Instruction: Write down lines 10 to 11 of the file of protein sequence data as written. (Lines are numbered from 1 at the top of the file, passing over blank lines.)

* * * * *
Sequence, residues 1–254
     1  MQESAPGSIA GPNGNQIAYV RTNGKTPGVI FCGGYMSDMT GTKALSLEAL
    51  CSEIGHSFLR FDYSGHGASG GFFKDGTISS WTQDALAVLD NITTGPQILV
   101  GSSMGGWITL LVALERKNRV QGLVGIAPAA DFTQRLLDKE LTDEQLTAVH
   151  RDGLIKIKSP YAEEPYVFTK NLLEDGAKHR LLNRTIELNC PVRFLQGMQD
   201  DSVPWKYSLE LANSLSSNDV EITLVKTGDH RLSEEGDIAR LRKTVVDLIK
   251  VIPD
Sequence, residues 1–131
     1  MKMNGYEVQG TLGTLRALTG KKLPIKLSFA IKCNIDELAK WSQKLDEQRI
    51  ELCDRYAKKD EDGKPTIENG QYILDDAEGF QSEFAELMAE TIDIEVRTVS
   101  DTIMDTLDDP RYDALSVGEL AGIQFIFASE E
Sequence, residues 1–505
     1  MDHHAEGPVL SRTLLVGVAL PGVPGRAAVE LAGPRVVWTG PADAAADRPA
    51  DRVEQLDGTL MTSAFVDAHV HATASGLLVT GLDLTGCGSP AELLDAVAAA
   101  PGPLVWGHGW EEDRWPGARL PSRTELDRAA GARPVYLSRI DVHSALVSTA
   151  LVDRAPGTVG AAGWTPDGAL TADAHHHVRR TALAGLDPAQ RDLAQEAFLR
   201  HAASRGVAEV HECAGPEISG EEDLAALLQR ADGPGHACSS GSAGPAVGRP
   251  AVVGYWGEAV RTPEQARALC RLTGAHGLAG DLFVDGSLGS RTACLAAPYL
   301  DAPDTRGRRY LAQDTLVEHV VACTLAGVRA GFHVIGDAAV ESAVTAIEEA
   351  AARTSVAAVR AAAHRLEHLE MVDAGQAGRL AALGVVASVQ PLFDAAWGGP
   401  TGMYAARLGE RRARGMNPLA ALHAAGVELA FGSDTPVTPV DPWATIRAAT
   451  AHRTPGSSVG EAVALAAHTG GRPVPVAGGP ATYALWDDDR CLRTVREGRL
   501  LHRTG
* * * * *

    51  ELCDRYAKKD EDGKPTIENG QYILDDAEGF QSEFAELMAE TIDIEVRTVS
   101  DTIMDTLDDP RYDALSVGEL AGIQFIFASE E